On Saturday, Feb 8 a number of FTA volunteers, myself included, found ourselves sitting in a building at the Lake Bryant Work Center in the Ocala Natl Forest. We were joined by two USFS instructors ready to lead us in some chainsaw training. For the majority of us this was a recertification.
The trip down had been cold and wet. The rain went waffled between heavy downpours with limited visibility and light drizzle. The rural highways I took after exiting the interstate didn’t have a lot of traffic which was probably a good thing. It felt nice to get into a warm room and enjoy some coffee.
After a couple of hours of safety discussion we broke out the Stihl saws and went into a nice, in-depth maintenance session. Many of the saws had been in storage for quite a while so it was a good thing for us and them. 🙂 We stripped the saws down and greased the needle bearings before heading over to the shop to blow them out with some compressed air. Once we were back in the room we broke for lunch and resumed with some chain sharpening. I’m really going to have to purchase a Pferd Chain Sharp. That thing is awesome!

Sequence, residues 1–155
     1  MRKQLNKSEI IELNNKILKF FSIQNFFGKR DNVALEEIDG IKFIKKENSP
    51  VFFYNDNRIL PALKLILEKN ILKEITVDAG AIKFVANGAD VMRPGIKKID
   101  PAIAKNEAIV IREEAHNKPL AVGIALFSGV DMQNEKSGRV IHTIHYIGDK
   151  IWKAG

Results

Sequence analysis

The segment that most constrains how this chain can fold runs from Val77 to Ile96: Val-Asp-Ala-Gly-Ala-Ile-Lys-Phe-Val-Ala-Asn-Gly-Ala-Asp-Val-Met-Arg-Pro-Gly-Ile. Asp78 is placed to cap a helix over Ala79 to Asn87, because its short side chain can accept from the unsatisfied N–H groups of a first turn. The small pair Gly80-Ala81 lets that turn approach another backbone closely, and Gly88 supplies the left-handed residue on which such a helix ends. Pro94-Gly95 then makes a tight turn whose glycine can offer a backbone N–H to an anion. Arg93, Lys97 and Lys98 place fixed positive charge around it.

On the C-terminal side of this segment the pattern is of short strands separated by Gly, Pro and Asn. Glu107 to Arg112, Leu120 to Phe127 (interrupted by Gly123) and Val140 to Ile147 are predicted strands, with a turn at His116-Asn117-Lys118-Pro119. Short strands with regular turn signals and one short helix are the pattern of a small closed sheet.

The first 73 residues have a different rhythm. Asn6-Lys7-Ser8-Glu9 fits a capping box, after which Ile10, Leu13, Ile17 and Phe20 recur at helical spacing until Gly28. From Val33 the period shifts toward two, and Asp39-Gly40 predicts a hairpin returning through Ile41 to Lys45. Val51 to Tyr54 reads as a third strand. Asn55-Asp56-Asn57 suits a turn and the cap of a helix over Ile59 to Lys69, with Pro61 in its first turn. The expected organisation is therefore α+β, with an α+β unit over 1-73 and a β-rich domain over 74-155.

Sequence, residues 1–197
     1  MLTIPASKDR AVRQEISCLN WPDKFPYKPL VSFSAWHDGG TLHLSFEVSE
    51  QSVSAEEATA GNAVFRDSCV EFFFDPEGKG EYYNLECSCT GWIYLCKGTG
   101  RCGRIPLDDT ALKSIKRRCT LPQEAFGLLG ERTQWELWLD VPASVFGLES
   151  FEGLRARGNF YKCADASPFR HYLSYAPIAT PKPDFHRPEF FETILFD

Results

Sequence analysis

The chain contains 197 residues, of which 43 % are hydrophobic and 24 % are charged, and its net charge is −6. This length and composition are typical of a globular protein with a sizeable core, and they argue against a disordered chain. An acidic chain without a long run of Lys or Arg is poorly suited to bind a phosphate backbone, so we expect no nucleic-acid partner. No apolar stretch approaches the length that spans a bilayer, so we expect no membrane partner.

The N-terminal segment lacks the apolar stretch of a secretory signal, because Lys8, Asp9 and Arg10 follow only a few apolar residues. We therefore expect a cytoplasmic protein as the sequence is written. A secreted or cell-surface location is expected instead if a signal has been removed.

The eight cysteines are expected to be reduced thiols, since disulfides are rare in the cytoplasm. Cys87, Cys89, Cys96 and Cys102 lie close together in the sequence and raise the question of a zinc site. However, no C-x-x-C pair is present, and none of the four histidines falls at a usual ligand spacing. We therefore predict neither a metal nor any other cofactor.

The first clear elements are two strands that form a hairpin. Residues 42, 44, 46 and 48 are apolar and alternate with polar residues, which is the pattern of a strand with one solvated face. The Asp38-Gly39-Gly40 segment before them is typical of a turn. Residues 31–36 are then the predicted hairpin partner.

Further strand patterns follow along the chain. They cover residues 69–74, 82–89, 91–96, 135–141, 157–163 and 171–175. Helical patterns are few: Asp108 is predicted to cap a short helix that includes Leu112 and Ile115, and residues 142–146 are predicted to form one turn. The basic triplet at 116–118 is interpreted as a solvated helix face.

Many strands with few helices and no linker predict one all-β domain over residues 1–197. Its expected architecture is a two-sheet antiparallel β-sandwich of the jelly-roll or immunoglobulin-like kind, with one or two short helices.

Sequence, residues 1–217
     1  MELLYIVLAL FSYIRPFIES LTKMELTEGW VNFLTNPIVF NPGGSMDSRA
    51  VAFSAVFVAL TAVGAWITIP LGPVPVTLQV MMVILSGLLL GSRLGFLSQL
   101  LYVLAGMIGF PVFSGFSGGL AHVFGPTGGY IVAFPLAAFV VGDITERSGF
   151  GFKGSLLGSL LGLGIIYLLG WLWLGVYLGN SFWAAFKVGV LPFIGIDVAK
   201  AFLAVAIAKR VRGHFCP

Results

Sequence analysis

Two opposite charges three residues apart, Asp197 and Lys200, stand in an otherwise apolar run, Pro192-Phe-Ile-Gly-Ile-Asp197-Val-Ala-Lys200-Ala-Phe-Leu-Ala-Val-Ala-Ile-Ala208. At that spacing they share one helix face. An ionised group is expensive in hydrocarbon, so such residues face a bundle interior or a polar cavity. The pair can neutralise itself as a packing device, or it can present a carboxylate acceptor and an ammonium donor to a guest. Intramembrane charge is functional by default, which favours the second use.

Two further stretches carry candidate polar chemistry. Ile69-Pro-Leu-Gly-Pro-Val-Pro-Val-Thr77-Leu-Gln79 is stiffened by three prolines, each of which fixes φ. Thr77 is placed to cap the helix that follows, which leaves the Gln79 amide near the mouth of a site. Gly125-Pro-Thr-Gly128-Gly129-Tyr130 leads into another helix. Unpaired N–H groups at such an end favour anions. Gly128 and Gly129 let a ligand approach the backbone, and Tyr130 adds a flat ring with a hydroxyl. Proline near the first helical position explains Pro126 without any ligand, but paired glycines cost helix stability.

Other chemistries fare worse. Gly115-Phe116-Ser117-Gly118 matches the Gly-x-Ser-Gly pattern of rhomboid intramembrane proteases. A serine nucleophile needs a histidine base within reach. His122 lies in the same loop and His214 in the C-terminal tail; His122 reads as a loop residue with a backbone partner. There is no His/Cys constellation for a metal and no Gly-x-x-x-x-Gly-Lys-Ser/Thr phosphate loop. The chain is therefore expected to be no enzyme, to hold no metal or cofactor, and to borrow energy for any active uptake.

The remainder of the afternoon was spent covering the skills required for safe and proper bucking and limbing. The weather started turning and as we wrapped up for the day the sun broke through and the clouds split to show a beautiful blue sky.
A few of us headed deeper into the forest until we reached the OHV center which would be our camp for the night. The temperature wasn’t too bad until it started dropping after dinner but the fire kept the chill away. We all turned in fairly early and I crawled into my wonderful home away from home.
After a great nights’ sleep I crawled out of the hammock and had a quick breakfast. Then it was about 10 more miles into the forest to our work site.
The first order of business was getting everyone outfitted with PPE (chaps, eyes/ears, and hardhats) and getting the saws fueled.
After a quick review of the limbing process our first sawyer went to work. After a couple more attacked the first tree they left this behind. It’s a good example of how you need to be aware of supporting limbs so you don’t cut something that might end up causing the log to shift.
While the majority of us stuck around for this session one of the instructors took a student to help him cut some trees down. After lunch we split into two groups to attack our own trees. The instructor would paint a picture of what we needed to do and we’d have to bring it to fruition.
At the end of the day I’d learned still another method for sharpening the chain as well as some techniques for cutting with a little more finesse instead of always gunning full bore. I had a great time and look forward to using my renewed skills on the trail.